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This is how you should be using your skincare buys

Too little and you won’t reap the benefits, too much and you could do more harm than good. We share how much you should be using, plus application do’s and don’ts

Getting through your serum in a month, but your cleanser lasts half a year? Think your skin is super sensitive? Or is it always congested despite using an acne busting regime? Well, it could be that you have all the gear but no idea regarding how much to use and how to use it.

The percentage of actives make a difference, as does the texture of your product. A pea size amount of serum and lotion will cover more ground than the same amount of face cream.

Use too little of a product and you might not achieve the results you’d expect, while too much is at best a waste of your product and your money – at worst it can trigger irritation, redness and clogged pores that can lead to acne.

Read on to discover how much you should be using and how best to apply the most important products in your arsenal…

Face wash

Dirt, pollution and makeup are removed from the surface of your skin and even deeper within your pores thanks to your face wash. However, if you’re not using enough of the stuff or massaging your cleanser around the face for at least 60 seconds morning and night, you won’t get adequately clean. Whatever the formula, be it foam, gel, jelly, balm or cream, aim for a 50p piece size and be sure to double cleanse, especially if you are removing makeup.


A step not to be missed, serums help target your key skincare concerns and feed the lower levels of your skin the actives it needs to do anything from firm to lessen pigmentation. And because they are designed to treat deep within your skin, they tend to be far more potent than a moisturiser – which means you shouldn’t go overboard on the stuff. The more you use won’t speed up the process, in fact it can cause sensitivity and even congestion, so apply a 5p sized amount as this should be more than enough.

Eye cream

The skin around the eyes is thinner than the rest of the face and body, it also doesn’t produce any oil and can be sensitive. It’s subject to pigmentation, lines and wrinkles, all of which makes skincare picks in this area a little tricky, as you’ll need moisturising agents and targeted actives all rolled up in one formula. This means eye creams tend to be pretty potent, which is why you’ll also need to ensure you don’t overdo it when it comes to application. A grain of rice amount for each eye is all that’s needed, tapped into the skin around the orbital bone morning and night.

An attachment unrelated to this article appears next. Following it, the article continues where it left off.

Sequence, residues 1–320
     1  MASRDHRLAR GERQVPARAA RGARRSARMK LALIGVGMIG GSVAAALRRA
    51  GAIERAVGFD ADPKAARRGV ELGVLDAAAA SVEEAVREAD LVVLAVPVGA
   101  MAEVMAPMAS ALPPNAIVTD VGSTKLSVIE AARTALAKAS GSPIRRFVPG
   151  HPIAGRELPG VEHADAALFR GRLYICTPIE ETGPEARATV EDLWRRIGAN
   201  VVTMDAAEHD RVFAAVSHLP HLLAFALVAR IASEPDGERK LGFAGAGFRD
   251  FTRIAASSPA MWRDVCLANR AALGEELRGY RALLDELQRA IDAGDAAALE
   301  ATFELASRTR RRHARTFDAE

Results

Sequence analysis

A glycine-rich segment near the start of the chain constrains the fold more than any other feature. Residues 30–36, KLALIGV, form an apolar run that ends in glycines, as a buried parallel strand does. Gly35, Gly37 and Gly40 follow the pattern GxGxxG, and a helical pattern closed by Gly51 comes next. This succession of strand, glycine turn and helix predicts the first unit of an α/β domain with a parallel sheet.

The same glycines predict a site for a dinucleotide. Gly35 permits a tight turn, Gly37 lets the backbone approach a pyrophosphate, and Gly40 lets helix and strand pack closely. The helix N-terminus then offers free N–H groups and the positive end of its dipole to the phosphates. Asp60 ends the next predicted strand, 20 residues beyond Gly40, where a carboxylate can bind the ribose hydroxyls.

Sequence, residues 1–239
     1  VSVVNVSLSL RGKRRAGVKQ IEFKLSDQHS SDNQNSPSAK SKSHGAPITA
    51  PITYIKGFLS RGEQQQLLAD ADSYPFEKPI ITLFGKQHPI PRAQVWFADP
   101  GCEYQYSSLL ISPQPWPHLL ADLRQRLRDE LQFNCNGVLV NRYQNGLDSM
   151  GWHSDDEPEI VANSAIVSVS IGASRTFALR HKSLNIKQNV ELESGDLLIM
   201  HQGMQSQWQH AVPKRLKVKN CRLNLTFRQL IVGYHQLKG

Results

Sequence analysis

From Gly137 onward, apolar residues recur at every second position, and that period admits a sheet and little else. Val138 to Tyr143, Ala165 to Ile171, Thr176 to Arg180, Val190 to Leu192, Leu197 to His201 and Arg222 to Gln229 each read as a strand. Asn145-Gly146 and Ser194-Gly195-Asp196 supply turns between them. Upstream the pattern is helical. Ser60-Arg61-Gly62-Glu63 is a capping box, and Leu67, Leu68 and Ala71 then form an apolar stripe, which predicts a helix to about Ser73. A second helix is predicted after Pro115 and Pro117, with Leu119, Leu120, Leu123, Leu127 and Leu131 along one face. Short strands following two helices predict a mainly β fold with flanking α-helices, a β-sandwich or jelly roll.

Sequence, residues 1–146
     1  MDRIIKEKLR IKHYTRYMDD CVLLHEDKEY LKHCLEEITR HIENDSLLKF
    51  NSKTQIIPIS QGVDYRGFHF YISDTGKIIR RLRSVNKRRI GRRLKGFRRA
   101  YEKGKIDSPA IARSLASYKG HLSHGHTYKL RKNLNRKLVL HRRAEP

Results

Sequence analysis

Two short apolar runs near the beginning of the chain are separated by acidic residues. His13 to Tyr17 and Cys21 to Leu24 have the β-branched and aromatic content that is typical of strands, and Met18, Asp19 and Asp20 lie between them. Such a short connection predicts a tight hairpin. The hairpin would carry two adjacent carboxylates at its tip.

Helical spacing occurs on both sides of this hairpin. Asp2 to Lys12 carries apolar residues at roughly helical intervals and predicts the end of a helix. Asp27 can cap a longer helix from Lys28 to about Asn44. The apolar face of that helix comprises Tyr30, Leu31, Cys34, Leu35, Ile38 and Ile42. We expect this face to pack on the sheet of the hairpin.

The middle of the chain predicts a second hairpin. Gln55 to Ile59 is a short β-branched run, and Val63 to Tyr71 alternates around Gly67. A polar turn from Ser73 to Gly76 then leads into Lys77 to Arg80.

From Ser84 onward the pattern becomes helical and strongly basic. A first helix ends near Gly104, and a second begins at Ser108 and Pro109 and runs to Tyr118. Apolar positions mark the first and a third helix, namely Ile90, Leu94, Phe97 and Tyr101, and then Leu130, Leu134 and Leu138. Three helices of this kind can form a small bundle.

Designed to bolster the skin barrier and hydrate the skin, moisturisers be they gels, lotions or creams should not be used to excess. Too much cream, even for those with  very dry skin can clog pores and leave you looking shiny, while too little of a gel or lotion formulation could leave even the oiliest skins gasping for water. So, try a £1 coin sized amount of whatever moisturiser suits your skin type best.


Derivatives of vitamin A are known as retinoids and retinol is one of these. It’s the more potent out of the only two versions that are available without a prescription, and when added into your skincare regime has the ability to boost cell turnover and collagen production.

It does have a reputation for being a little scary, mostly because one of the biggest mistakes people make is overusing it. It's best used at night due to its ability to make skin more sensitive to the sun, and in small doses – try once or twice a week for a couple of weeks, then every other night for another two weeks, followed by every night after your first month and stick to a pea-sized amount.

Hyaluronic acid

This gold standard hydration booster benefits just about every single skin type and tone. However, if you go overboard on the stuff it can contribute to the development of clogged pores. So, use a pea-sized amount on damp skin. Ensuring your skin is damp means that the hyaluronic acid, which can hold 100 times its weight in water, doesn’t draw moisture from the lower levels of the skin but rather holds on to the water on your skin to keep it hydrated.

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